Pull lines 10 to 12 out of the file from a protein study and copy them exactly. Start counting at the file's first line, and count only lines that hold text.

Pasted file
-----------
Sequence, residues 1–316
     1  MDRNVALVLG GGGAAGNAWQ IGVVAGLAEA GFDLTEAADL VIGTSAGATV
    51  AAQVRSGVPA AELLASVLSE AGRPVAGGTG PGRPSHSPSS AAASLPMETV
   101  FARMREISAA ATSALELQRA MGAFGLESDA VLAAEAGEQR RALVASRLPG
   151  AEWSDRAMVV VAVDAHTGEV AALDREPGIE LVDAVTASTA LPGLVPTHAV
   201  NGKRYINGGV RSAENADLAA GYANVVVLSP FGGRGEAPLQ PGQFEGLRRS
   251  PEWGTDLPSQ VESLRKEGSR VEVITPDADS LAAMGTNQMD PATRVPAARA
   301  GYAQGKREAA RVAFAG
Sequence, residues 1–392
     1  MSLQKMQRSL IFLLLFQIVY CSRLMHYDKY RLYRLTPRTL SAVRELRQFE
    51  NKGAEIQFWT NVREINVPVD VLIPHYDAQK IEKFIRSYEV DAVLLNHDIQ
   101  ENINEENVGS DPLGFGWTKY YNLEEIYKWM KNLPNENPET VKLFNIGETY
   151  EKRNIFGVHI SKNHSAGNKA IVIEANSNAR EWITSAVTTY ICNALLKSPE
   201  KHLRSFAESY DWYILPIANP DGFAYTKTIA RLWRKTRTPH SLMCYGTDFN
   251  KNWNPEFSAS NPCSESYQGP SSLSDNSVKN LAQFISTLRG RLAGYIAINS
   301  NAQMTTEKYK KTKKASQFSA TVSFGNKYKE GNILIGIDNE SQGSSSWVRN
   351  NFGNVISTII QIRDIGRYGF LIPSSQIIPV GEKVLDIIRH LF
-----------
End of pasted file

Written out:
     1  MSLQKMQRSL IFLLLFQIVY CSRLMHYDKY RLYRLTPRTL SAVRELRQFE
    51  NKGAEIQFWT NVREINVPVD VLIPHYDAQK IEKFIRSYEV DAVLLNHDIQ
   101  ENINEENVGS DPLGFGWTKY YNLEEIYKWM KNLPNENPET VKLFNIGETY